You Don’t Always Get What You Want When You Want It

So what do you do when you do not get what you want when you want it? How does it make you feel? Does it make you believe that all your efforts were in vain? That you were not meant to succeed or be happy? Or does it fuel your quest to ensure that next time you get it? That maybe the timing was off and that in due time your goals will become tangible?

I think the first thing most people feel is frustration and disappointment. It is a bit unnatural to just accept in that moment. Accepting that you did not get your way sort of like a grieving process. You go from denying to bargaining, the whole nine yards until finally you accept your reality. But does your current reality represent your fate? The answer to that question separates everyone who endures this circumstance. The optimist is hopeful that this is just a temporary phase in their current reality rather than permanent defeat. The pesimist accepts their fate as permanent and will likely never try again.

Does this ideology work with everything you want? Sometimes we want positions of power. Other times we desire people. When is it time to go against the grain and try to force what appears to be unnatural to work in our favor? For some it has led to success. For others it has led to quite the contrary.

Is life easier when we just accept what comes to us? Just accept what flows? Possibly so (assuming what comes to us is good). But is ease necessarily good? Sometimes it is, sometimes it can be dangerous. Ease does not stimulate growth. We do need the tugging and pulling. The seeds that are planted underground and know darkness from birth might squint in discomfort when their first leaves see the sun. But they know it is good for them. It is necessary for their survival. The rain helps them grow, too, no matter how light or heavy it may be. Perhaps what you need supersedes what you want, and the ultimate goal is to want what you need. What you want might be fleeting. What you need is your power.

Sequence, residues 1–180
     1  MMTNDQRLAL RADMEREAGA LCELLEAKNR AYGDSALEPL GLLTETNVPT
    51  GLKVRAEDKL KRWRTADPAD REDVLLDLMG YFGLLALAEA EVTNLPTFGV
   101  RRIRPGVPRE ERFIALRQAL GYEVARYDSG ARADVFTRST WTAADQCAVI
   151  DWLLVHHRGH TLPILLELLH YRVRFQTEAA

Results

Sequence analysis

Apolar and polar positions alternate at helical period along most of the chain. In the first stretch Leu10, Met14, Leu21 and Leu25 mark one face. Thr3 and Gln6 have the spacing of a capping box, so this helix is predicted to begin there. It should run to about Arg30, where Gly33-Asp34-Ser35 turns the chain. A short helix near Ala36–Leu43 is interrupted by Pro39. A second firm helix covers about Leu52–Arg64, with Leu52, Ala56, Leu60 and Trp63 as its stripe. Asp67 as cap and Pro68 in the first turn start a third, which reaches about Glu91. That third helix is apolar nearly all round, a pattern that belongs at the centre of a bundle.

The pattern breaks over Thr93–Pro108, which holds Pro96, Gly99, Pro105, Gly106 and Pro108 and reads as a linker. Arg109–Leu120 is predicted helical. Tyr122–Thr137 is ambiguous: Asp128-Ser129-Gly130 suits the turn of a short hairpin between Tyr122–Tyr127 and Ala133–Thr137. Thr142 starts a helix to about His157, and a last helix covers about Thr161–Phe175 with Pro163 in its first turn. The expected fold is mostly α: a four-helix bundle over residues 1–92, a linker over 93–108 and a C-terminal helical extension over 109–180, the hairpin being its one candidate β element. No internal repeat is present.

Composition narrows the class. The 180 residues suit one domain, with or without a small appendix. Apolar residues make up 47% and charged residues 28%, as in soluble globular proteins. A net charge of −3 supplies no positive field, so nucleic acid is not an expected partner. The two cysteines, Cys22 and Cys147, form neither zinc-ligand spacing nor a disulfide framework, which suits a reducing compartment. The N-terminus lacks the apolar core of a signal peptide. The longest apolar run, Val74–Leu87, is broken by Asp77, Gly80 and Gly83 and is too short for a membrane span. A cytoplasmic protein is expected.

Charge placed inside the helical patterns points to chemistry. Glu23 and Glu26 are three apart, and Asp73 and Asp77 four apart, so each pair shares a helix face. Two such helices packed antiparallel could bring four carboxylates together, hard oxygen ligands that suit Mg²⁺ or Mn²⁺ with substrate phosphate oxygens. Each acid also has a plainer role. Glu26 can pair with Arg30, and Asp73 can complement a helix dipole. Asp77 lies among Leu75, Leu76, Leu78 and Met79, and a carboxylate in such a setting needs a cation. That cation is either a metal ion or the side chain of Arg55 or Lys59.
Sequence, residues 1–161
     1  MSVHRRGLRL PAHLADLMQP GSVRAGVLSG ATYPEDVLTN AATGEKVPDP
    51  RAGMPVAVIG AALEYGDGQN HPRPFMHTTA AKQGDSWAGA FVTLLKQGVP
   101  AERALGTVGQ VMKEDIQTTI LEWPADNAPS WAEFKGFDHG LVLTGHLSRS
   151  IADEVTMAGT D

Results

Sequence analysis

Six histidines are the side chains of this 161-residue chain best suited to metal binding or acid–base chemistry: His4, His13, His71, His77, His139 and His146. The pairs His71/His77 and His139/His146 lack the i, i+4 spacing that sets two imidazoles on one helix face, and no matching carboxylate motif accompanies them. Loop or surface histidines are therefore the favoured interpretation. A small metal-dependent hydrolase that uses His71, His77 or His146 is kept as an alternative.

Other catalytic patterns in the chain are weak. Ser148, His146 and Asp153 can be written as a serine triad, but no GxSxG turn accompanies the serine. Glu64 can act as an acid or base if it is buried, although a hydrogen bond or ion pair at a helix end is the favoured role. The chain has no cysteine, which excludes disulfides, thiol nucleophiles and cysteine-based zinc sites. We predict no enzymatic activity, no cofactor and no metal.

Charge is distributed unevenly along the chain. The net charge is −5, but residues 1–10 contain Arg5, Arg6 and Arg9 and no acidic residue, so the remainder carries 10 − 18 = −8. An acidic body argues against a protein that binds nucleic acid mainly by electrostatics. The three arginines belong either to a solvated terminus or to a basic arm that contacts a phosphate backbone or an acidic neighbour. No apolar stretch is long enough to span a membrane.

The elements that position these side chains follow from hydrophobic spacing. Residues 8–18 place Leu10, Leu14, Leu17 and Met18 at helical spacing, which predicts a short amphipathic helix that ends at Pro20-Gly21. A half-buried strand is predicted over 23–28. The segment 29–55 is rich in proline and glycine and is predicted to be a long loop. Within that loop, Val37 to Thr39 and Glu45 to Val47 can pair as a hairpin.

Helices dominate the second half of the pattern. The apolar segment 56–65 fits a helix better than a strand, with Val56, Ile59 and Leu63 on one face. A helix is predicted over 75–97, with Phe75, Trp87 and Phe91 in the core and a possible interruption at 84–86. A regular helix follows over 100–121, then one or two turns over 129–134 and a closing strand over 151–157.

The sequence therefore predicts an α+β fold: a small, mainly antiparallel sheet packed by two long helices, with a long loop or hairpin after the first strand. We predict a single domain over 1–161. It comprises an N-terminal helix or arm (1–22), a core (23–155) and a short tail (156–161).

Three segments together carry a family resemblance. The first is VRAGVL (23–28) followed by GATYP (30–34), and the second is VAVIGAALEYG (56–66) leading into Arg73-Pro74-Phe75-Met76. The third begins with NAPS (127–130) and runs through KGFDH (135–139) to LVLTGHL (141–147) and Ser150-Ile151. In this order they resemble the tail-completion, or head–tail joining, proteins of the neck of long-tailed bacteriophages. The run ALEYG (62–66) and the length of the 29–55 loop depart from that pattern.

What I Learned in 2018

Artwork from Art Basel, Fontainebleau. Photo taken by Adaola O.

2018 was a particularly interesting year for me. Why, you might ask? It was the first time that I was really real with myself. It was the first time I stopped making excuses for the inexcusable behavior demonstrated by others in my circle and outside my circle. Let me explain.

I had to reckon with my definition of being a friend. What did it mean for me to be a friend to others? What did it mean for me to call others my friend? Up until that point it had unfortunately become a loose term that I distributed too freely and without much consideration. Basically if someone was nice enough to me and could hold conversation, they could be my friend.

What is my new definition of a friend? Someone who wants to help put you on when they see you doing something positive with your life. And not only do they WANT that for you, and TELL you how proud they are of you, but they DO something about it. They shout your business out on their social media. They patronize your business, support your ideas, and overall play an ACTIVE role in your success. If your current friends are not doing that for you, then what is the basis of your friendship? Is it gossip? Is it clubbing? Drinking, smoking, eating out every weekend talking about anything but how you can progress as an individual? To me that is just a time-waster. Does your family put you on? Do they support you? Because the same applies to them, to a higher degree I might add.

And of course I asked myself how frequently I was doing the aforementioned positive acts for others. I can honestly say that I did a pretty good job of supporting my friends or people I worked with (photographers, artists, etc) and publicizing their work on my social media or to contacts I knew could help them. But this year I plan on taking it up a notch with my new podcast series (stay tuned!). I challenge you to ask yourself the same questions and DO BETTER in 2019!